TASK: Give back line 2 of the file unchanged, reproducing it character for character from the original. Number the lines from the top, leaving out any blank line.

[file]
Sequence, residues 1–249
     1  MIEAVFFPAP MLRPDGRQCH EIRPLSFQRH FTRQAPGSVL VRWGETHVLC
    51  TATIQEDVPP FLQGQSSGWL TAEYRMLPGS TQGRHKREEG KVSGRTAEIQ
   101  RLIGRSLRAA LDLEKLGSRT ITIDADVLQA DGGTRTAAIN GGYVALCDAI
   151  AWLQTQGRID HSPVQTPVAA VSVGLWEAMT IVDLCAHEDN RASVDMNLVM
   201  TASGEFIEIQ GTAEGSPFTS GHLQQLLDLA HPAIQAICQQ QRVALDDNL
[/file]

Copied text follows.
     1  MIEAVFFPAP MLRPDGRQCH EIRPLSFQRH FTRQAPGSVL VRWGETHVLC